Gene network lets plant roots handle nitrogen

October 24, 2018, UC Davis
Nitrogen metabolism is vitally important to plants. The Arabidopsis plant on right was grown in low-nitrogen conditions, meaning it had to grow longer roots to find more nitrogen. Researchers at UC Davis and the Cold Spring Harbor Laboratory have now identified a complex of genes involved in harvesting and processing nitrogen in plants. Credit: Allison Gaudinier, UC Davis

With robotics, computers and advanced genetics, researchers at the University of California, Davis and Cold Spring Harbor Laboratory are unraveling how plant roots take up and metabolize nitrogen, the key to plant growth and crop yield. Their latest work is published Oct. 24 in the journal Nature.

"Nitrogen metabolism is incredibly important for growth," said Siobhan Brady, associate professor of plant biology at UC Davis and senior author on the paper. The invention of over a hundred years ago has enabled a massive expansion in agricultural productivity to feed billions of people. But at the same time, runoff of excess pesticides into soils, waterways and the oceans has many negative impacts.

By understanding the that control how take up and use , scientists like Brady hope to give plant breeders tools to generate crop varieties that need less fertilizer or make better use of it.

"We know the genes that are involved in nitrogen assimilation and transport but we don't understand all the ways that nitrogen metabolism is regulated," Brady said.

What's more, most of these regulatory genes, called transcription factors because they control the transcription (or activity) of other genes, have been identified in stems, shoots and leaves—but not many in roots, where nitrogen actually gets into a plant from the soil.

Science at the root

Brady's laboratory aims to discover the networks of genes that shape how live and grow. Because nitrogen is so important to plants, graduate student Allison Gaudinier and Brady took the premise that transcription factors for nitrogen metabolism would also be linked to other important processes.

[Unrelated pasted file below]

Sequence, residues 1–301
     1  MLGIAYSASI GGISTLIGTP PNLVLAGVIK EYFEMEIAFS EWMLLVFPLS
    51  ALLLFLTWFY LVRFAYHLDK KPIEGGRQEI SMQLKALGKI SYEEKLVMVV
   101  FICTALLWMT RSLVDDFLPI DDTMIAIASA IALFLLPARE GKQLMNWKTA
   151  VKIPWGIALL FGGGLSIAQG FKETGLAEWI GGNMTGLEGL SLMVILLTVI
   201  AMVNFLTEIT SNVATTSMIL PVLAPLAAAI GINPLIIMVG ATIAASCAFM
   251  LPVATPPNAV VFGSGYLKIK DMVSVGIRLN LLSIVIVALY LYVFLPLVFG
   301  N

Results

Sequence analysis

Leaf from transgenic (top) and non-transgenic (bottom) maize plants, collected from same node, grown in low nitrogen field. Credit: DuPont Pioneer

Gaudinier used robotics to screen against hundreds of genes at a time, assembling them into a network. Adjunct Associate Professor Doreen Ware and colleagues at Cold Spring Harbor Laboratory used computational methods to predict which genes were most important in the network. The UC Davis team could then study the role of those genes in plants.

The results establish a core set of genes that are critical in nitrogen metabolism, Brady said. "If we want to breed nitrogen-efficient plants, we need to look at these genes," she said. "This will open up a lot of research."

Explore further: Biologists ID temporal logic of regulatory genes affecting nitrogen use efficiency in plants

More information: Allison Gaudinier et al, Transcriptional regulation of nitrogen-associated metabolism and growth, Nature (2018). DOI: 10.1038/s41586-018-0656-3

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betterexists
not rated yet Oct 24, 2018
Make Peanut plant unable to make Peanuts. Then, find out what happened.
Use that knowledge to turn other plants to make nuts or whatever..... I mean enable them to use Nitrogen similarly, the way Peanut plant uses it with the help of the Bacteria. Like most other legumes, peanuts harbor symbiotic nitrogen-fixing bacteria in root nodules !

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